Up to half a foot of snow fell in some areas of eastern New Mexico on Monday, most of it coming well after local schools had made the decision to cancel classes.
Most area schools also closed on Monday. Clovis schools, Floyd schools, Eastern New Mexico University, Clovis Community College and Ninth Judicial District offices made an early call to close Tuesday, as well.
A call to Portales school officials was not immediately returned.
Cannon Air Force Base kept up standard operations Monday, but decided to initiate delayed reporting on Tuesday. There was no standard delay time, with commanders determining appropriate times based on mission needs.
Lisa Spencer of Clovis Community College said the school is currently in its finals week, and said students should contact their instructors via email to find out how cancellations will affect their classes.
National Weather Service meteorologist Amanda Martin said the Clovis-Portales area can expect Tuesday’s high in the low 20s with an evening low of 11 and lighter snowfall in the evening.
Steve Kersh of KVII-TV in Amarillo said unofficial totals put anywhere from 2 to 6 inches in Clovis locations and 1 to 3 inches in Portales. No official snow results from the NWS were available at press time.
The storm system will begin to clear on Wednesday, she said.
Portales Emergency Management Director Keith Wattenbarger said emergency personnel were well prepared to deal the wintry conditions.
“We’re looking at some seriously cold weather tonight,” Wattenbarger said Monday morning. “As it stands right now, we’re putting ourselves on standby for anything that today might give us. If something does come up, we’ll be available to deal with it.”
Wattenbarger said if people don’t have to travel, they shouldn’t. The most important factor is people exercising common sense when they go out, he said.
“Make sure there is something in your car that can sustain you if your car breaks down,” Wattenbarger said.
He said roads get more icy west of Portales.
Lt. Mark Cage of the Portales Police Department said mid-afternoon that the only accident of note was minor a one involving a city trash truck. But he said he and the department would be concerned about the conditions being much worse at night.
“We have some people slipping and sliding around out there this morning but we’ve not had any significant spike in vehicle accidents,” he said. “We would ask that people please be extra careful in the construction.”
The county was a different story, according to Roosevelt County Chief Deputy Sheriff Malin Parker.
“We are having severe road conditions. My guys have been going from wreck to wreck, roll overs, slide offs, traffic crashes,” Parker said. “All roads in and out of town are very icy, very slippery, so we advise everybody to not travel at all if they don’t have to. Stay stationary. Stay off the roads. Very hazardous conditions.”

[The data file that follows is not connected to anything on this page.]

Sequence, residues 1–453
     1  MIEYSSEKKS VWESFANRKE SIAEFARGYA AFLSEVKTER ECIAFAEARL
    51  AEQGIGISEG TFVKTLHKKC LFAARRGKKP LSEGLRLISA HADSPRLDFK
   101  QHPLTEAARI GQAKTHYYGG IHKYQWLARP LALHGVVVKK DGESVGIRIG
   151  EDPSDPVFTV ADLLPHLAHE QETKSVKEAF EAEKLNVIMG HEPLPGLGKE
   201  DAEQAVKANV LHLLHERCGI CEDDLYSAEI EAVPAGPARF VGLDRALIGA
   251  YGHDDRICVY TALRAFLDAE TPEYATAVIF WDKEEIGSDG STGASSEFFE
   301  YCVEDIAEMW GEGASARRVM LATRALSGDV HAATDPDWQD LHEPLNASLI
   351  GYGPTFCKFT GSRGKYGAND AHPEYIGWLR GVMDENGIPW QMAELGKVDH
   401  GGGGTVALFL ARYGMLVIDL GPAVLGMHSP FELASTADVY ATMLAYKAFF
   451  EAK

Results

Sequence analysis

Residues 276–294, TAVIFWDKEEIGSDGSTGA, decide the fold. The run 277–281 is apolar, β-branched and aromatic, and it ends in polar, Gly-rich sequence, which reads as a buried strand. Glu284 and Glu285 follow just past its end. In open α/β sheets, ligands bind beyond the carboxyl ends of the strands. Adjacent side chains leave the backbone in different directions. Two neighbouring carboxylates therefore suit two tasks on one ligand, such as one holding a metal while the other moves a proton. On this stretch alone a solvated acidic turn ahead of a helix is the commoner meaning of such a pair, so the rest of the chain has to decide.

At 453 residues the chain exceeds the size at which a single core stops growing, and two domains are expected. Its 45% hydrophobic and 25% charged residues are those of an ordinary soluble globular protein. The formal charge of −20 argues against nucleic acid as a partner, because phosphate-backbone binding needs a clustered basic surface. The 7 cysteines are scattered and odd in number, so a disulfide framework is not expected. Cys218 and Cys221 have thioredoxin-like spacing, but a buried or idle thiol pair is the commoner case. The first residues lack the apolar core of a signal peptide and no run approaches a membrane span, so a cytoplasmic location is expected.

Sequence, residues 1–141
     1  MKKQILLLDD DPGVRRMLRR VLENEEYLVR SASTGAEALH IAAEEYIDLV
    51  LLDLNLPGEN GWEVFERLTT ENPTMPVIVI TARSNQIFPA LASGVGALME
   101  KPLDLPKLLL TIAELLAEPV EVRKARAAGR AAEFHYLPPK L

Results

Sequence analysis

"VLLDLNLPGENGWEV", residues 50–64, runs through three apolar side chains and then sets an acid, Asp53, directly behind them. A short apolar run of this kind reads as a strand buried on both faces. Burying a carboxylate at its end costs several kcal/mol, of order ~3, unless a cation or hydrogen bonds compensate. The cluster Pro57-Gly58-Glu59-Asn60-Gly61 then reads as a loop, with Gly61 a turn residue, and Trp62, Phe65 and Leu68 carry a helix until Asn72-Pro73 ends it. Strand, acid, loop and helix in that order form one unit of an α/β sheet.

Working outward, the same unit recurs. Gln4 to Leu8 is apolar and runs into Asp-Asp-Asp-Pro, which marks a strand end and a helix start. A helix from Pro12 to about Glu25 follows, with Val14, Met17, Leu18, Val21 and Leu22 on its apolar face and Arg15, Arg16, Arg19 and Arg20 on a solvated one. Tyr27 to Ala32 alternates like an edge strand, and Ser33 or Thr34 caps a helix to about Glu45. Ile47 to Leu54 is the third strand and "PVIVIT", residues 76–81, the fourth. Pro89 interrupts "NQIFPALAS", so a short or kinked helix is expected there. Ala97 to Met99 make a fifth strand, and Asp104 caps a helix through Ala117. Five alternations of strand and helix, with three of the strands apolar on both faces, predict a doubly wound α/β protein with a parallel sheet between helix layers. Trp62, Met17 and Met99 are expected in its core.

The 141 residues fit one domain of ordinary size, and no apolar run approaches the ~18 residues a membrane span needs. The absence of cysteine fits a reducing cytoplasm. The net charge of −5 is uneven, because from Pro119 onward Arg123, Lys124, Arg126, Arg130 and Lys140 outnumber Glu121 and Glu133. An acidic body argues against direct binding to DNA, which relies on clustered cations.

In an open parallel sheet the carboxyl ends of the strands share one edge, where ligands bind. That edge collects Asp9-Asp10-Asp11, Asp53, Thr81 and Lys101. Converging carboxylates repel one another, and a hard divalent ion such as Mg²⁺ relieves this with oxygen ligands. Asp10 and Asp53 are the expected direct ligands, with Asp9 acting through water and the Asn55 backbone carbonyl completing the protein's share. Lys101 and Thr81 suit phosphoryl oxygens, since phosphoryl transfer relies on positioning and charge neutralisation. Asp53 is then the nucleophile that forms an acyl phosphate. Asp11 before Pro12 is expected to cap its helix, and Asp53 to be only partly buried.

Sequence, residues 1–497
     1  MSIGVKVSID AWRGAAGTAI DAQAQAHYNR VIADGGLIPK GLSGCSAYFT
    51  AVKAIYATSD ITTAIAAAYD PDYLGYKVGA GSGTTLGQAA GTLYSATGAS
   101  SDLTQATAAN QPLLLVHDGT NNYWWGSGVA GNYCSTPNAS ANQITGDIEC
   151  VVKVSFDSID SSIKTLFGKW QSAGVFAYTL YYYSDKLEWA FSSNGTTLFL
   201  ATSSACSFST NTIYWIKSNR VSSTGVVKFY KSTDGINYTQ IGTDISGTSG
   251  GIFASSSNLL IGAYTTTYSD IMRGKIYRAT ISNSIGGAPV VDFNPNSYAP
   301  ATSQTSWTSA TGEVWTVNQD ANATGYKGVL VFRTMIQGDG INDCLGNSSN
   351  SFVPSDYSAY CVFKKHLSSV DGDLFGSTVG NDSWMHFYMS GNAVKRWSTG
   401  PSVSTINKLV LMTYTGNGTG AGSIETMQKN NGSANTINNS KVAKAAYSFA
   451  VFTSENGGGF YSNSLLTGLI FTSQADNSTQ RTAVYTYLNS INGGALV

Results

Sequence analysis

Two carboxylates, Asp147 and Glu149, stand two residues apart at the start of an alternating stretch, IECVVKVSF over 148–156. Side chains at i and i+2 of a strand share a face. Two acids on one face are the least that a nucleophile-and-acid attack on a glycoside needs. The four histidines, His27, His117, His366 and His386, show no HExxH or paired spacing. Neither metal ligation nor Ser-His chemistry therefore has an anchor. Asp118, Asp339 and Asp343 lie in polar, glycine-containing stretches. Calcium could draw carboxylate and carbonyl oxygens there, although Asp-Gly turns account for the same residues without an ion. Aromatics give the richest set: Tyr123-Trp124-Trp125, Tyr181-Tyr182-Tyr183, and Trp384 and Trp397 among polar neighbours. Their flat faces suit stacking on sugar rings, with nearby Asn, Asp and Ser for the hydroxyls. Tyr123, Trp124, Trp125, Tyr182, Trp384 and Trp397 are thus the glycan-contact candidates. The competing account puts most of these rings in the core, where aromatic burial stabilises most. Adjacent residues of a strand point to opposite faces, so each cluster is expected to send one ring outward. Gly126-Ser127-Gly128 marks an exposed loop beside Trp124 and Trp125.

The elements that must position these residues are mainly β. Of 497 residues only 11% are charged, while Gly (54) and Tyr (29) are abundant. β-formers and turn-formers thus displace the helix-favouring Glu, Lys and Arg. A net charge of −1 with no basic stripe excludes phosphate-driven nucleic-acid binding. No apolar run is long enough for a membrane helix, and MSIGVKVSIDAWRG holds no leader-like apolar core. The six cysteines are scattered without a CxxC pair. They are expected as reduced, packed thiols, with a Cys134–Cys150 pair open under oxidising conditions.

At 3:45 p.m., Parker said deputies had responded to about 20 accidents.
“It’s been a steady flow. We’ve got about five right now,” Parker said. “We’ve had no major injuries yet.”
Parker said driving in the icy weather is more dangerous on the highway, because speeds are higher, snow is drifting and on longer stretches of highway, people become complacent.
Clovis Police Capt. Patrick Whitney said officials responded to four minor traffic accidents in the morning with no injuries. But when contacted in the early afternoon, Whitney said that total had shot up to a few dozen, “And it’s going to get worse tonight.”
Clovis Fire Chief Ray Westerman said fire and ambulance usage was light in the afternoon. He said people should exercise caution with space heaters, and even be careful when stepping out of a vehicle due to slick surfaces.
Clovis Emergency Management Director Ken De Los Santos said he arrived at work about 7:45 a.m. Monday and was pleased to see drivers were taking their time.
“Nobody was spinning out, people were driving smart,” he said.
Blowing snow is one reason people should stay home if they can, he said. “It’s already an issue in town,” he said, “and I’m sure it’s worse out in the open spaces.”
De Los Santos said he saw city sand trucks working to keep intersections from icing over and he noticed county officials moving snow off the courthouse parking lot.
“And I noticed Taqueria Jalisco (on west Seventh in Clovis) clearing their drive-through. “People are going to want hot food,” he said.
That wasn’t the case at Java Loft in Clovis. Employees said people just weren’t braving the roads.
“There were three of us here this morning,” barista Brandon Rivera said. “One of us could have handled it.”
By the afternoon, the coffee shop had three employees behind the counter doing inventory work, three customers inside and a note on the front door that read closing time was 3 p.m. — seven hours early.